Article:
Before they opened, Meyer and Colicchio rather foolishly said that they were out to “reinvent the four-star restaurant.” Then, as now, if you say you’re gunning for N stars, it’s a sure bet you’ll get at most N–1 . That’s exactly what happened, as Ruth Reichl awarded an enthusiastic three stars in the Times. But as Colicchio drifted away, the restaurant ran on auto-pilot.

Two years ago, Meyer and Colicchio had an amicable divorce. Colicchio wanted to focus on his Craft empire, and Meyer wanted a full-time chef. To replace Colicchio, Meyer hired Michael Anthony, formerly Dan Barber’s partner at  the Blue Hill restaurants—places that borrowed a lot from Gramercy’s haute barnyard ethos, and arguably improved upon it.

The current Times critic, Frank Bruni, had “a few forgettable dinners” and “a clumsy, laughable one” during the first few years of his tenure. Unusually for him, he gave Anthony time to right the ship before weighing in with a respectful three-star re-review last June. Bruni was about right, when he noted:

There are restaurants with more shimmer, and there are certainly restaurants with more spark. There are restaurants that take bigger chances and stake bolder claims to your attention.

But is there a restaurant in this city more beloved than Gramercy Tavern?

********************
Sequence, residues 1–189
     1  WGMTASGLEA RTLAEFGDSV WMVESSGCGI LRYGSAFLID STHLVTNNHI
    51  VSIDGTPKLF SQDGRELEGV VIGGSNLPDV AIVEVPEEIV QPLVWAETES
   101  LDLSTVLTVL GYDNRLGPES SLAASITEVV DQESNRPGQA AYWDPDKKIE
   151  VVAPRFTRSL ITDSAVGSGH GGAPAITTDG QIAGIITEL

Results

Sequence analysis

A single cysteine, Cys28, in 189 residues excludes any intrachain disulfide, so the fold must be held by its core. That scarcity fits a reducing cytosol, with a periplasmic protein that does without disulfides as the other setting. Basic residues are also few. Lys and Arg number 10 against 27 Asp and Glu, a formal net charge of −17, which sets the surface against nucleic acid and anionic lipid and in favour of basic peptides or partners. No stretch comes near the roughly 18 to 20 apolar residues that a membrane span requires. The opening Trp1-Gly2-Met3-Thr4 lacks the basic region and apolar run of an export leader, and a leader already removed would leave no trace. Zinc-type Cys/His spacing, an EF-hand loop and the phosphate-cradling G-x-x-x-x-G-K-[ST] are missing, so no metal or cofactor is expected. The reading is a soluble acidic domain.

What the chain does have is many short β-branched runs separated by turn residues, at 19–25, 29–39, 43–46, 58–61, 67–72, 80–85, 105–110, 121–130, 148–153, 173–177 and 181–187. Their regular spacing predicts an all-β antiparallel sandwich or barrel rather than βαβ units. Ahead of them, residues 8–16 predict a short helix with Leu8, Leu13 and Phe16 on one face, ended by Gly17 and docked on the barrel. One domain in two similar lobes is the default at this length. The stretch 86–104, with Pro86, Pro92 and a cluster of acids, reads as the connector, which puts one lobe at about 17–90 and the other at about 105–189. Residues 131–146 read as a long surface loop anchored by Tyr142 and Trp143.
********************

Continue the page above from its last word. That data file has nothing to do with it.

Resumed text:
gramercytavern_inside.jpgIt was a tough to get a table here in 1994, and it is tough today. In the Zagat survey, Gramercy Tavern is the second-most popular restaurant in New York (behind only Union Square Cafe). Its Zagat food and service ratings are 27 out of 30; no restaurant is higher than 28 in either category

When reservations opened for Valentine’s Day, they sold out in something like fifteen minutes. Even on a “normal” day, Gramercy Tavern is usually booked solid at prime times. To be sure of getting a table, you need to call four weeks in advance at 10:00 a.m., wait on hold, and cross your fingers. By the time you get through you may find that 5:30 and 10:00 are the only times remaining. We were finally able to book on OpenTable during the slower summer season.

gramercytavern06.jpgGramercy is really two restaurants in one, with a casual no-reservations “tavern room,” which serves an à la carte menu; and the more upscale (but not really formal) dining room, where your only choices for dinner are an $82 three-course  prix fixe, which we had, or one of two tasting menus ($88; $110).